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Posted On: 17 June 2018 09:00 am
Updated On: 12 November 2020 02:18 pm

What is the Islamic Calendar?

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Today is the third day of Eid-al-Fitr in Qatar, and for those of you who are wondering why the Islamic months, especially Ramadan when people are fasting from sunrise to sunset, are either 29 or 30 days, you are at the right place.

When it all began

The Islamic calendar began when the The Holy Prophet, Muhammad (Peace be Upon Him) emigrated (did ‘Hijrah’) from Makkah to Madinah so he could spread the message of Islamic more freely than he could in Makkah. It is believed that date was 20 September, 622, according to the Gregorian calendar.

How it works

The annual Islamic calendar is made up of 12 months, just like the Gregorian calendar which is the calendar that is normally followed all over the world. The Gregorian calendar is solar. However, the Islamic calendar which is followed by Muslims is lunar and is based on the sighting of the new moon, or crescent moon, the night before the new month (it is important that the new moon be visually sighted). If the new moon is sighted on the 29th night of the month, the folowing day will be the 1st day of the next month, and if it not sighted, then that month will complete 30 days after which the next month will start. This is why the Islamic calendar moves 11 days back every year.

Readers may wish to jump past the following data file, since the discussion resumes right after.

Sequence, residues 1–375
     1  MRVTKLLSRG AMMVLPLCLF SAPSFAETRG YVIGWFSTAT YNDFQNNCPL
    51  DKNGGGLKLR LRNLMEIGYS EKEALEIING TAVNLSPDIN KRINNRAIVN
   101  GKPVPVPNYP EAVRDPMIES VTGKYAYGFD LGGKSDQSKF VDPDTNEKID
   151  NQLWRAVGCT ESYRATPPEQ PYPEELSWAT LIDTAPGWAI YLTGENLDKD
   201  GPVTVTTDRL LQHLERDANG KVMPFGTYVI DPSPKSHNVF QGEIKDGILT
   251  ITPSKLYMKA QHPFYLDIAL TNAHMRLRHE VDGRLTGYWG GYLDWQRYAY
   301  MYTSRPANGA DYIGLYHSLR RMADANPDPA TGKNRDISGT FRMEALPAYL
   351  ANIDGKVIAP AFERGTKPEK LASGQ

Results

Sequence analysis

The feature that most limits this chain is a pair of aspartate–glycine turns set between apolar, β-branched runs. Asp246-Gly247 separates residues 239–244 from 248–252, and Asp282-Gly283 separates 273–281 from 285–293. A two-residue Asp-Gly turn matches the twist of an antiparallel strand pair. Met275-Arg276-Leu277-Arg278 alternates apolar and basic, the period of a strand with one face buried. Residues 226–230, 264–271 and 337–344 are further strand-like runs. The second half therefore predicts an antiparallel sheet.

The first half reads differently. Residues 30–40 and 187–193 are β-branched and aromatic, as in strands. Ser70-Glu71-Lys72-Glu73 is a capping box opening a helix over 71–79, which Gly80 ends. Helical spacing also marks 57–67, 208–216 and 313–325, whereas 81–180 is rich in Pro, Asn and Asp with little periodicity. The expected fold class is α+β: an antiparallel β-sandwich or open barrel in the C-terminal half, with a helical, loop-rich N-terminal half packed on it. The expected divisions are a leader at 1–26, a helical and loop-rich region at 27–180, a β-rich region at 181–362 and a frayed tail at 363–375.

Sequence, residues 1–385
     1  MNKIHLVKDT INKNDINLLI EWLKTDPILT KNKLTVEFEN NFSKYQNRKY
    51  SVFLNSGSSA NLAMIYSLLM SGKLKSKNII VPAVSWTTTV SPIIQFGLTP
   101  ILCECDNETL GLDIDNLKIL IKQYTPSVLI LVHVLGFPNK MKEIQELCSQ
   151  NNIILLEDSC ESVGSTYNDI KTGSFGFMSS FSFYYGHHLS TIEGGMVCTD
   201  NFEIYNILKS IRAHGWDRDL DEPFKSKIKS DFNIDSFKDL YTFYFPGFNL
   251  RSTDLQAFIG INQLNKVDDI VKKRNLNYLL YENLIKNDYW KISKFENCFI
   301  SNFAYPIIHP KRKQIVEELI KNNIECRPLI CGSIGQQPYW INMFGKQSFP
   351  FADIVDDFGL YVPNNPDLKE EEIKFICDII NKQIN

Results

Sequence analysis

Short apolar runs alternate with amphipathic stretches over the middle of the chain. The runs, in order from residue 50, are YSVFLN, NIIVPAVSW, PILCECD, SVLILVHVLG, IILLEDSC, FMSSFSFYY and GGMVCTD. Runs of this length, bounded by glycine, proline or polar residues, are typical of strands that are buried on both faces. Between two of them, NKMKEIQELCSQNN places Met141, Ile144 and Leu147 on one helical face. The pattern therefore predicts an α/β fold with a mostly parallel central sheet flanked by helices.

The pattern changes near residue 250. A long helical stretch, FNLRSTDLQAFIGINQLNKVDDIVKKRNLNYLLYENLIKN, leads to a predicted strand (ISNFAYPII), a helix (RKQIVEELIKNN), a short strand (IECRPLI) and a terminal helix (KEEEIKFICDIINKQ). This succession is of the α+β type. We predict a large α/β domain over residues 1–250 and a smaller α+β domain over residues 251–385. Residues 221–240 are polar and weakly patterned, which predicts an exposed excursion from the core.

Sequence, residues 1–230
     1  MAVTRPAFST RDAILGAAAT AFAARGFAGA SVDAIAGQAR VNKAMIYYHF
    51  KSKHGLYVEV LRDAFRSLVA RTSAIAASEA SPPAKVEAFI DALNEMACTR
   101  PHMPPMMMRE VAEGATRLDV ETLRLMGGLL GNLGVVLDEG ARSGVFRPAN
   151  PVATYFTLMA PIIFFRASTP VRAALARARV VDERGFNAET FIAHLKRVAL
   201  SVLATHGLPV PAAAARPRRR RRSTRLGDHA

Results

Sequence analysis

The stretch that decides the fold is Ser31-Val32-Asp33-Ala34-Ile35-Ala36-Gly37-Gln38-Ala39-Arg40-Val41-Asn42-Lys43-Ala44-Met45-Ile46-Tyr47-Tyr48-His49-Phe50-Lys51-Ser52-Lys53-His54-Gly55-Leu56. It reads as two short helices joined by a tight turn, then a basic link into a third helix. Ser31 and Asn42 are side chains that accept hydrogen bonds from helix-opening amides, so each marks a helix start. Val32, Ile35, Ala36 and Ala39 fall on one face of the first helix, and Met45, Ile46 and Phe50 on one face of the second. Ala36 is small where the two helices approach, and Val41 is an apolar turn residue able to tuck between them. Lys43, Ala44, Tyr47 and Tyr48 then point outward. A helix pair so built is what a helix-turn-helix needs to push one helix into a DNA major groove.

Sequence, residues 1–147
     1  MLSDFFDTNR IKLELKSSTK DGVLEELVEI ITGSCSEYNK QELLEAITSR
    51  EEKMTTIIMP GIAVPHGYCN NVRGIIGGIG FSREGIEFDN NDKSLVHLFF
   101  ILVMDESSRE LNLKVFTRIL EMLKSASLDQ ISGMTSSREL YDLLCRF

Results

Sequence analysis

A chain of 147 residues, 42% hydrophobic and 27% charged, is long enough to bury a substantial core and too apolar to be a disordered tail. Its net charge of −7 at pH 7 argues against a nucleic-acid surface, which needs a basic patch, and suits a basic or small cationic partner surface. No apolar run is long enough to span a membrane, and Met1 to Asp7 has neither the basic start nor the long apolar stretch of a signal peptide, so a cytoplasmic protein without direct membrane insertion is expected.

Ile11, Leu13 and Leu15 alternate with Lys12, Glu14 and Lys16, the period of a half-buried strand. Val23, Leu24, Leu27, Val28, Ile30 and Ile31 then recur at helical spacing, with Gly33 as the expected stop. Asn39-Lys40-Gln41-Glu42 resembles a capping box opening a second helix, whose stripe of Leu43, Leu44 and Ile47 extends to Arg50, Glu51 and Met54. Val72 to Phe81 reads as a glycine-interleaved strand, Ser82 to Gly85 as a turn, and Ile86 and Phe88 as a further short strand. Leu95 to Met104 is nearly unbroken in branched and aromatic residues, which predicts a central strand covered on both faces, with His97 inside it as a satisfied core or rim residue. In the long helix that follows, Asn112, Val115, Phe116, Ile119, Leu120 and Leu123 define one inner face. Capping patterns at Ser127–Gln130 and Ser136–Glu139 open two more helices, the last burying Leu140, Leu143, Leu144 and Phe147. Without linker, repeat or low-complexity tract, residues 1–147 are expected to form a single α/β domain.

What the months are

The 12 Islamic months are:

1 - Muharram
2 - Safar
3 - 1st Rabi`
4 - 2nd Rabi`
5 - 1st Jamadi
6 - 2nd Jamad
7 - Rajabi
8 - Sha`ban
9 - Ramadan (fasting month)
10 - Shawwal
11 - Dhul-Qu`da
12 - Dhul-Hijja (annual pilgrimage month-Hajj)

Isn’t it fascinating how the Islamic ‘Hijrah’ calendar is different from the Gregorian calendar? Do let us know what you think in our comments section